Plus it does take a fairly unique scenario for it to be useful - 3rd and really long, probably in the other team's end, and probably against the wind (although not required for the litte toe kick to self).
I would note it could also be worth trying on 2nd and very long for sake of the advantage of additional deception and the fact even if that were to fail that you might save time for your next possession in even worse field position as is likely anyway with either of the other options.
For example before your next possession if you played successful two-and-out defence, just as you would have to do in the best of the other cases of a successful field goal or a coffin corner with the opponent conceding a safety, you would end up in about the same resultant field position at about your own 35 and still need a major but with likely less time elapsed.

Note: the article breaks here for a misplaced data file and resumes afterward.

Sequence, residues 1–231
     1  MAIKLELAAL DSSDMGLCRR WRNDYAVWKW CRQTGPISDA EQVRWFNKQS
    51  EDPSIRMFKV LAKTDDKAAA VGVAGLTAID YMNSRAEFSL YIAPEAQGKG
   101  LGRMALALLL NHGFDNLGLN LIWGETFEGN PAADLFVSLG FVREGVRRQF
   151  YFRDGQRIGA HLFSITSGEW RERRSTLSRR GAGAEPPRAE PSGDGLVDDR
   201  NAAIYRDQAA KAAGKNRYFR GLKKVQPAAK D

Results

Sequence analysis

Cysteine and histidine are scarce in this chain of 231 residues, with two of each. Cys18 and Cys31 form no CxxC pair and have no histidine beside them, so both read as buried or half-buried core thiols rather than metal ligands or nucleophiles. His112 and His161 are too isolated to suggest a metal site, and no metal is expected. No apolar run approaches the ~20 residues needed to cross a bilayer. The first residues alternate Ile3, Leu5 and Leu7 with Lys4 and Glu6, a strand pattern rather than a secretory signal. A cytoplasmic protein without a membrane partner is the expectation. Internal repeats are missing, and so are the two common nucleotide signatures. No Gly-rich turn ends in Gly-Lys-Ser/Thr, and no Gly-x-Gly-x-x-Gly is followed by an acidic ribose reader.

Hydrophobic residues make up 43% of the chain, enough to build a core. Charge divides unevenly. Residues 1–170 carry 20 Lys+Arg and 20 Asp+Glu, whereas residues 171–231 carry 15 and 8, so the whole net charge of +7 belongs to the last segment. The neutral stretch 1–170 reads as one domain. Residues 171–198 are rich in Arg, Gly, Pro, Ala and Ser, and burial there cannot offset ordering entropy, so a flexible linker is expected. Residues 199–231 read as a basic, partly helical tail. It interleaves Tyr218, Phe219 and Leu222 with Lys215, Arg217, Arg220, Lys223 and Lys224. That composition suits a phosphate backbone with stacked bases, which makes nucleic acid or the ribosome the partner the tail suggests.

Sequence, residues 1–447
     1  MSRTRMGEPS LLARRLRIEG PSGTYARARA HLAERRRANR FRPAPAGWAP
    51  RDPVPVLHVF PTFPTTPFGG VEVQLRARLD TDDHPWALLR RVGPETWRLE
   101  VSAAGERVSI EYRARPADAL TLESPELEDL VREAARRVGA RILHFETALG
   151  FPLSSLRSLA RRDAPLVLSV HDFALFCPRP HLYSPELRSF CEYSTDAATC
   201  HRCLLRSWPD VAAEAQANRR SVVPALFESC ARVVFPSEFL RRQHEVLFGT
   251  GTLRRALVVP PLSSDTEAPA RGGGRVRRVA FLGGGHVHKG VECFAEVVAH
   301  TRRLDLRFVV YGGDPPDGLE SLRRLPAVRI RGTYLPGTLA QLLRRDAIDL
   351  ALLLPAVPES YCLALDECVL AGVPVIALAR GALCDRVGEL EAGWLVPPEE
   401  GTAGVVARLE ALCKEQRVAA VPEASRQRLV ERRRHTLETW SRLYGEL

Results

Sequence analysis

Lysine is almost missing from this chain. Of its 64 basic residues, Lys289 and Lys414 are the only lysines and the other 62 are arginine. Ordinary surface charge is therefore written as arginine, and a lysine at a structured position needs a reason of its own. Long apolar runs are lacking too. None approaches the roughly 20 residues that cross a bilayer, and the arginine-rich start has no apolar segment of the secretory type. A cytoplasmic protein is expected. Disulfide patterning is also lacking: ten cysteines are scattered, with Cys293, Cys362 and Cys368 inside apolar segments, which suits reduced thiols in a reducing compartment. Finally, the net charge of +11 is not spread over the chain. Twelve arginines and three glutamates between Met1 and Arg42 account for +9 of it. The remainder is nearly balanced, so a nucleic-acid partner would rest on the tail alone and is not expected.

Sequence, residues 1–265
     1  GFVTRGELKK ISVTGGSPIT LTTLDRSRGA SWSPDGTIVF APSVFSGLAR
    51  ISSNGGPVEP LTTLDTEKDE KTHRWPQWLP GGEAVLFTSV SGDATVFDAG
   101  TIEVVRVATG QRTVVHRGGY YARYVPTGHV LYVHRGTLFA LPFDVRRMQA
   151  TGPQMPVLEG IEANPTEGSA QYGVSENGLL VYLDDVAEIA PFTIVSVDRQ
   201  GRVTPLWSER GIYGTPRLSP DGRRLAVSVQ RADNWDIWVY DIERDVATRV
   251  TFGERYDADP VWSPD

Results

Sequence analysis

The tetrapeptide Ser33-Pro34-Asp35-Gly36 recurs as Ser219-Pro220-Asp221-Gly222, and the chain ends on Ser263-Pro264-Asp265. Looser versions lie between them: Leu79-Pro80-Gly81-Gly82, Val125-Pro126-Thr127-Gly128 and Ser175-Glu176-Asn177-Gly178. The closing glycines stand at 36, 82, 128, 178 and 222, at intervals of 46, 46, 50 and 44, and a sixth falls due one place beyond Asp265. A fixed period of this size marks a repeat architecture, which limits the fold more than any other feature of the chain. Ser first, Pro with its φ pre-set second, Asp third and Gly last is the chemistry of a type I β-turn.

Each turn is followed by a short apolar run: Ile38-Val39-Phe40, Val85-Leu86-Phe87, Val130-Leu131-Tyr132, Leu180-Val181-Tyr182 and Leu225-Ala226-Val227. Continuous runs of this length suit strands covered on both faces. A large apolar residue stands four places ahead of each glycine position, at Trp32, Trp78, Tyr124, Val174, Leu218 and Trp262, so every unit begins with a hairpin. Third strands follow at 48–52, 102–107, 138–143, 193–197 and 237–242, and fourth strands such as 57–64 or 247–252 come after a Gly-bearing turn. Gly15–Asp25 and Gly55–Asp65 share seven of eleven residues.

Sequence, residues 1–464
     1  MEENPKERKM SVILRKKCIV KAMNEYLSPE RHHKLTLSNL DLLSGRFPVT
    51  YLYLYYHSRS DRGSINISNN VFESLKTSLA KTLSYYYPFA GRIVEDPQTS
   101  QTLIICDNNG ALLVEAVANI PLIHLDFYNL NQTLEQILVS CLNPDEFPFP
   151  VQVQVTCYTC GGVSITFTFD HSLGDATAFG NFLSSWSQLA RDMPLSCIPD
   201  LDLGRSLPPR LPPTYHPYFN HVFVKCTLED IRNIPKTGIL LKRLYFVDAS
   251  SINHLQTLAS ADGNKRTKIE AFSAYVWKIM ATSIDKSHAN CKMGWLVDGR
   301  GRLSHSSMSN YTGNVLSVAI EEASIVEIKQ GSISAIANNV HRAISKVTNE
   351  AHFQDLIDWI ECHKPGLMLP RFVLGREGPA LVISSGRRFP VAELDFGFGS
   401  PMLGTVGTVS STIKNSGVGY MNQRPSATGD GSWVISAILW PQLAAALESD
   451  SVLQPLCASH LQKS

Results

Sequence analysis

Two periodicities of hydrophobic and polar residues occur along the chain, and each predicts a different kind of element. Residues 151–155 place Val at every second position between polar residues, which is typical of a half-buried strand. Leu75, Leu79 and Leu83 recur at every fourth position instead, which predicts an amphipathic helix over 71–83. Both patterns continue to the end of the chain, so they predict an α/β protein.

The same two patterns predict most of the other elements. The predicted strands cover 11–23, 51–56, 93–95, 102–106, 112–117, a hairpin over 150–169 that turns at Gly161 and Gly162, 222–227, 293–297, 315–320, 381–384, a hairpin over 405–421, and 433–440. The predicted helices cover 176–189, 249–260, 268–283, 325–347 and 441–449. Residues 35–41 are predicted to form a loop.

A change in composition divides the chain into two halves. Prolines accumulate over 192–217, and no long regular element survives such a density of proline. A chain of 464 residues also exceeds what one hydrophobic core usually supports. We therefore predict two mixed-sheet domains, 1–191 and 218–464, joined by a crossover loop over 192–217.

The bottom line is that because you need a major score to have a real shot to win the game, you would be taking a chance to re-start your downs sooner, at the expense of not scoring enough points anyway as is no guarantee all the same, with either of the above more common options. The resulting field position on a new possession in turn ends up being about the same even on failure of this play after you play successful 2-and-out defence, but if you tried it on 2nd down and failed at the very least you most likely you saved yourself some time too.
Heads you win with new downs, tails you probably don't lose anything and might save yourself some time if attempted on 2nd and more than perhaps 29.